Brookings Fellow Richard Reeves explores inequality and opportunity in America with Legos, using them to explain the chances for economic success of American…
Listen to C. Wright Mills’ resonant voice: “You must not expect me to provide A Balanced View. I am not a sociological book-keeper. Moreover, “balanced views” are now usually surface views which rest upon the homogeneous absence of imagination and the passive avoidance of reflection. A balanced view is usually.. merely a vague point of equilibrium between platitudes… I feel no need for, and indeed am incapable of arranging for you, a lyric upsurge, a cheerful little pat on the moral back.”
This is a recorded excerpt from Mills’ lecture “The Fourth Epoch: Culture and Politics” given at LSE in 1958, that was published later with changes.
Voice record (about 3 min): http://cwrightmills.org
The full text: here http://culturalapparatus.wordpress.com, or here www.public.iastate.edu/~carlos/607/readings/mills.pdf
Today is Mills’ birthday- and this is our small celebration of his huge intellectual legacy of economic sociology and public sociology.
(Thank you, Jan Milch for bringing us this unique record!)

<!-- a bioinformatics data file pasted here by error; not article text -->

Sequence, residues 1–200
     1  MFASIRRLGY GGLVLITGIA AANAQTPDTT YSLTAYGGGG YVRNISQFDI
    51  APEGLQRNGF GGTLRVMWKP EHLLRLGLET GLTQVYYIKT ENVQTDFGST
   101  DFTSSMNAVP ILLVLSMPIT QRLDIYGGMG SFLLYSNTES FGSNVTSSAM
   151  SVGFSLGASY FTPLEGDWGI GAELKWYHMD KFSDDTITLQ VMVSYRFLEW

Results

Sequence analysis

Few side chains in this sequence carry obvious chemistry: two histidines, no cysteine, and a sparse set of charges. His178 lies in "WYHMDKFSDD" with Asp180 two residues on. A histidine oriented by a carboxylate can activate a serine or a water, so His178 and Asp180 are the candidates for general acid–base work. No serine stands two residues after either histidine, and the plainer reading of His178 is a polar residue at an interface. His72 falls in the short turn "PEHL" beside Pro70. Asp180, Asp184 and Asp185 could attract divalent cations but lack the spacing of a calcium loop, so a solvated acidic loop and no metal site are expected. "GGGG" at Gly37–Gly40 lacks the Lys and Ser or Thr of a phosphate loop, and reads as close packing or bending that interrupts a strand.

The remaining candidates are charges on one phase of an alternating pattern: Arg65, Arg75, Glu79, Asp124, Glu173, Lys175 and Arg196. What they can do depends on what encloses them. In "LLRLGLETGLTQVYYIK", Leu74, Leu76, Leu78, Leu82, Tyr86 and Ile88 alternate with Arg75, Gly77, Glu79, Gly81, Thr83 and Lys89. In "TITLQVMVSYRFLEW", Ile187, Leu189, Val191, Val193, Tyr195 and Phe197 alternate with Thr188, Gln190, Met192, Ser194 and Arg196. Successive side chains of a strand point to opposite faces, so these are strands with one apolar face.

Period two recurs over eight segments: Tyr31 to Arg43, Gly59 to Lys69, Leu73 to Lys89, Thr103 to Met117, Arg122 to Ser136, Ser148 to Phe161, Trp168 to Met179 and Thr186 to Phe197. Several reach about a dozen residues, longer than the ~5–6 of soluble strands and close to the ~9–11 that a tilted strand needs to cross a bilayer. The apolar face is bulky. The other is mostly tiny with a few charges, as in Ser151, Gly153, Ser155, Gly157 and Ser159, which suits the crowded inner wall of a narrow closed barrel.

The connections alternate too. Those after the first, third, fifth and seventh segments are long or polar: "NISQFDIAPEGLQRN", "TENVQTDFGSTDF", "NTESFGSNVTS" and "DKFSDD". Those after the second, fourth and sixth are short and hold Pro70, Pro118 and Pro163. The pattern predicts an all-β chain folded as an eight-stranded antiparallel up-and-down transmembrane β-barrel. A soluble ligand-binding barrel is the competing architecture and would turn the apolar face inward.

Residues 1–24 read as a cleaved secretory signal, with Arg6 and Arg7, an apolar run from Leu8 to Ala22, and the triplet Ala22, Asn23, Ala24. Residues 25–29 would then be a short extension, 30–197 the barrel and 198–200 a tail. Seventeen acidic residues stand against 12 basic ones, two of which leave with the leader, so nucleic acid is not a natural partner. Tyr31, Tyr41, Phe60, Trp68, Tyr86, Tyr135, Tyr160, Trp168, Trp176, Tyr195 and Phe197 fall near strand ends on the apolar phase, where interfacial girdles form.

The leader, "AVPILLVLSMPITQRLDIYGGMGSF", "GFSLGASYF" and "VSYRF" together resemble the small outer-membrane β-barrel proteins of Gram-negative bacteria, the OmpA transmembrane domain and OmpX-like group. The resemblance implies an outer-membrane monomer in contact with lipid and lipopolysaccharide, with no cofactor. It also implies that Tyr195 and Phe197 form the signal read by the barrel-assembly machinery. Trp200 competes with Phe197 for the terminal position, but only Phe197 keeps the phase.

How Bill Cosby build the on-screen family of America’s dreams
“#Income #Inequality: Economic Disparities and the #MiddleClass in Affluent Countries” pays special attention to the middle class, a segment often not addressed in inequality literature. (Free access to the foreword, introduction and appendices)
-via Economic Sociology and Political Economy
How our increasingly closed-off lives are poisoning our politics and endangering our health
Neoliberalism has influenced reproduction and birth in a myriad of ways. Much of this re-aapropriates feminist critiques, and functions to inculcate market principles into childcare…
Thousands of private nurseries are declining to accept two-year-olds from poor backgrounds, despite a £100m government initiative to extend childcare to the most deprived families. The revelation has prompted concerns that some nurseries do not want poorer children mixing with those from middle-class families, their core clientele.
There’s nothing “normal” about having a middle class. Having a middle class is a choice that a society has to make, and it’s a choice we need to make again in this generation, if we want to stop the destruction of the remnants of the last generation’s middle class.
Despite what you might read in the Wall Street Journal or see on Fox News, capitalism is not an economic system that produces a middle class. In fact, if left to its own devices, capitalism tends towards vast levels of inequality and monopoly. The natural and most stable state of capitalism actually looks a lot like the Victorian England depicted in Charles Dickens’ novels.